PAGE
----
Tiger Moms Everywhere
I recently finished reading The Battle Hymn of the Tiger Mom in anticipation of my upcoming interview with its author, Amy Chua. This was one of the hardest books I have ever had to read. Not because I was raised by a Tiger Mom. Quite the opposite, really. To keep it in Eastern zoology, I would say mine was a Panda Mom. This was probably for the best. I didn’t need a Tiger Mom. I already had one living in my head. I did not know I had one living in my head until I read Ms. Chua’s unsparing portrait of her parenting style and its eventual metamorphosis. Every criticism she leveled at her two daughters in the first two thirds of the book I had leveled at myself in the hopes of achieving the kind of success Ms. Chua expected for herself and her children. What’s more, the pitiless equation on which this parenting method is based—success = happiness—had secretly been mine as well. This equation worked for a time for me, until it completely and utterly did not.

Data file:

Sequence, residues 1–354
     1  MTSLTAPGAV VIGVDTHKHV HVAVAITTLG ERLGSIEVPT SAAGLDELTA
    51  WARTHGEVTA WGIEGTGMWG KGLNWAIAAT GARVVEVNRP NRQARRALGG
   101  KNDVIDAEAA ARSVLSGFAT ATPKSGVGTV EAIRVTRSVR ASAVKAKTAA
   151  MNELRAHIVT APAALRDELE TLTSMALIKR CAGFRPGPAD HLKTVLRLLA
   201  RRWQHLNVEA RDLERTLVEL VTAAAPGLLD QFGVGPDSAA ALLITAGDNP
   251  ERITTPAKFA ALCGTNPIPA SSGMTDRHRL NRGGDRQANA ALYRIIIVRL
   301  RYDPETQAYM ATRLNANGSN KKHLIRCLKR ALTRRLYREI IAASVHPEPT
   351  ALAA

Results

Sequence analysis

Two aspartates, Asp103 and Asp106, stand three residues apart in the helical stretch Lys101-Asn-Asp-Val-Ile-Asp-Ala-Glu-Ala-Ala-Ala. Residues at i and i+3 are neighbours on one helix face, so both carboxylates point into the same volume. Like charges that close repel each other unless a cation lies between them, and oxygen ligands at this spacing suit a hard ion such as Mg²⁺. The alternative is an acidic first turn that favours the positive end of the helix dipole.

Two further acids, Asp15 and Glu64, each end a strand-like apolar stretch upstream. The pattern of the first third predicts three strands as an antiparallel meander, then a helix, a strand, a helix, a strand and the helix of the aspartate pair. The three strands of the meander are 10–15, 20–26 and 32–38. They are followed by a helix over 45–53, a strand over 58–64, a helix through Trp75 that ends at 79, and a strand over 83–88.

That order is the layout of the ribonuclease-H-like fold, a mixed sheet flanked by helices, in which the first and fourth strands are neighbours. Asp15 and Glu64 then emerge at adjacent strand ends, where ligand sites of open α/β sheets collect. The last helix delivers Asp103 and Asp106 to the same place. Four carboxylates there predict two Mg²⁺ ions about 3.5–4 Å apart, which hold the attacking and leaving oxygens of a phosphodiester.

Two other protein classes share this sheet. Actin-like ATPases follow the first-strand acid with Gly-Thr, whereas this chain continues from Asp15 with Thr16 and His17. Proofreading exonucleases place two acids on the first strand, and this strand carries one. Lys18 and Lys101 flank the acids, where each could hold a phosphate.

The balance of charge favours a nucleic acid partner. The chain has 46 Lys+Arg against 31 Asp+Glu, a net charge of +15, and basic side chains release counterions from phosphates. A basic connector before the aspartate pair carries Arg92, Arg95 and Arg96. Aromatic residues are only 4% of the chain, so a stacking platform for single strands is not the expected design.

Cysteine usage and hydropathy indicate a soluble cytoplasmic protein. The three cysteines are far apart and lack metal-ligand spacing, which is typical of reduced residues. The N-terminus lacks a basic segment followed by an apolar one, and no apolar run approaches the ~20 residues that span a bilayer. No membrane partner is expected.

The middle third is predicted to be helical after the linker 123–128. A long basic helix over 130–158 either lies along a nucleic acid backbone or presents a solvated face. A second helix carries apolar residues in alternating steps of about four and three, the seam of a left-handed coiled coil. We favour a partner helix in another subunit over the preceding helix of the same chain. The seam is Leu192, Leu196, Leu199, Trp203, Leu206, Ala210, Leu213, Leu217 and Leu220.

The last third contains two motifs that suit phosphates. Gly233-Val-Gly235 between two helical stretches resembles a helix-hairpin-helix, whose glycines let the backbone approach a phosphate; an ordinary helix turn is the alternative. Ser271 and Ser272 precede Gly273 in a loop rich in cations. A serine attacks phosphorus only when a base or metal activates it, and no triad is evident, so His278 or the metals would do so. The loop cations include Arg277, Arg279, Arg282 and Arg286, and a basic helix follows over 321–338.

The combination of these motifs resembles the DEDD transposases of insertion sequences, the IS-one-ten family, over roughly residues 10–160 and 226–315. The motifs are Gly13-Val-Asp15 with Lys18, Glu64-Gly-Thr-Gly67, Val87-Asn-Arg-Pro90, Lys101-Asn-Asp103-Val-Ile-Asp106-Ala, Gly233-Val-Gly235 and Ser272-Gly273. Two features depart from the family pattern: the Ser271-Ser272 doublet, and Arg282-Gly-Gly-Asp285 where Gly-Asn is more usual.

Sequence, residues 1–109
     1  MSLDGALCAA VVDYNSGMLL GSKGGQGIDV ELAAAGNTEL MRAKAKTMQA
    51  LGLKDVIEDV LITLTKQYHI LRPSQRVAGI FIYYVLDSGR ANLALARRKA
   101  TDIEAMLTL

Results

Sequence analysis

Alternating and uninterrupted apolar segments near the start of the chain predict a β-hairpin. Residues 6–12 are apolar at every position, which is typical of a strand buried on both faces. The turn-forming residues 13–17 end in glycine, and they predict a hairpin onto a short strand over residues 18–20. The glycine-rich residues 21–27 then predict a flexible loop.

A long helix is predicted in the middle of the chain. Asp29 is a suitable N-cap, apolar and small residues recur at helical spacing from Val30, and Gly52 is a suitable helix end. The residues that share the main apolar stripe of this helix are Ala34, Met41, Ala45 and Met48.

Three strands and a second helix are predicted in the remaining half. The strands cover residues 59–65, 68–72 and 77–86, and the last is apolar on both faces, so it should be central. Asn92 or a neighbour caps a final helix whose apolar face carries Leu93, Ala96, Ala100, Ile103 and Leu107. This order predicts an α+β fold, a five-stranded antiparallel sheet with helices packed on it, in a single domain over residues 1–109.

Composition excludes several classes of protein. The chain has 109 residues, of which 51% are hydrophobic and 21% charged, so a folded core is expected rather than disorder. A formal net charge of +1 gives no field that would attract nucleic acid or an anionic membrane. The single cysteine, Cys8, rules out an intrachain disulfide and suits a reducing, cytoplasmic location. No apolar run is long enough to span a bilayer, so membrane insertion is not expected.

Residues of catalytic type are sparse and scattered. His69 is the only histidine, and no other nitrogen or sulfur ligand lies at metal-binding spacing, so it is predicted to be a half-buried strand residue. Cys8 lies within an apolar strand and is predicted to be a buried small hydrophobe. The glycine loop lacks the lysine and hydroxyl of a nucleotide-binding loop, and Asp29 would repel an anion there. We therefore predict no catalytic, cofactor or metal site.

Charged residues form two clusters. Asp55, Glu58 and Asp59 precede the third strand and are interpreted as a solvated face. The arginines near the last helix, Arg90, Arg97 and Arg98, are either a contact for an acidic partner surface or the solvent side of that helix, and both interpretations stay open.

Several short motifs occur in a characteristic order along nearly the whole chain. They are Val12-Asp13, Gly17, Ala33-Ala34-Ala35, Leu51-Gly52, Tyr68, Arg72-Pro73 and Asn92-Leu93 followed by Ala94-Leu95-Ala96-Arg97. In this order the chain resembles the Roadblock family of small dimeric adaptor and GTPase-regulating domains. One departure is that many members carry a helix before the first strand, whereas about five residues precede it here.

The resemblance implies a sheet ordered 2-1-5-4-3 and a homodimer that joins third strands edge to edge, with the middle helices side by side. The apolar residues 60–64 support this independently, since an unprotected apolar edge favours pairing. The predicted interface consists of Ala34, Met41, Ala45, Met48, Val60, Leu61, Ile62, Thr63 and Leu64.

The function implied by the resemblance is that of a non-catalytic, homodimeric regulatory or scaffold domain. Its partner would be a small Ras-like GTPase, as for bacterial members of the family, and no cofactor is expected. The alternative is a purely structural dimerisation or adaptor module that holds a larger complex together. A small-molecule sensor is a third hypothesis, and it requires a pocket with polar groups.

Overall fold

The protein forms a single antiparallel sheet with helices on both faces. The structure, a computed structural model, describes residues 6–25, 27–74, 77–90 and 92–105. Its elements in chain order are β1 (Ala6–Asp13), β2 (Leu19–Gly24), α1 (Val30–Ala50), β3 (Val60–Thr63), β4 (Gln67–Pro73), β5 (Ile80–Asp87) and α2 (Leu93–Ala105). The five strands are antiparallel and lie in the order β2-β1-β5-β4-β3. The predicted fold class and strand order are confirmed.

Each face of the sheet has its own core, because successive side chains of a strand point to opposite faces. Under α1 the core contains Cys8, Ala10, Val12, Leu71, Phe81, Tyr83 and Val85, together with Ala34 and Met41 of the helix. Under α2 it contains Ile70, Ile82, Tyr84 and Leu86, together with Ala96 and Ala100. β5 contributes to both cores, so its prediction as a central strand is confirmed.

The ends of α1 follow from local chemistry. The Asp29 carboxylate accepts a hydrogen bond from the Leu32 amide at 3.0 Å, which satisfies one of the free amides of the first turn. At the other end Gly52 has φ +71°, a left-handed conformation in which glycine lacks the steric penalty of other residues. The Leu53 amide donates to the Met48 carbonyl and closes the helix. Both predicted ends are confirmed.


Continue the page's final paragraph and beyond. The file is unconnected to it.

Though I have spent many years pointing my intentional arrow away from that belief, the temptation to agree with the Tiger Mom work ethic remains great. The temptation to call trust laziness, freedom anarchy, and independence impudence was just a thought away. One moment I would be arguing with the Amy Chua character, and the next I would be loathing myself for having given up so quickly on the idea of constructive self-flagellation.
In the end, however, I concluded that, with respect to all Chinese mothers, the Tiger Mom is just afraid. Fear is powerfully attractive, but it will always run out. The energy of fear always runs out because this is energy gained by seeking the end of what you fear. If we believe in the power of fear, we must remain in fear in order to act. Using fear for action is founded in the belief that human beings would always rather do nothing than something, that humans would in fact be happier doing nothing than something. I am yet to meet one of these humans.
Love, on the other hand, never runs out because the energy of love is seeking to create more of itself. The energy of love propels us toward something and never away from it. And so writers tell other writers to write what they love; and so Joseph Campbell advises us to pursue our bliss; and so Mozart said that genius isn’t acumen or skill or craft, but love, love, love, love, love. I couldn’t agree more.
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You can find Bill at: williamkenower.com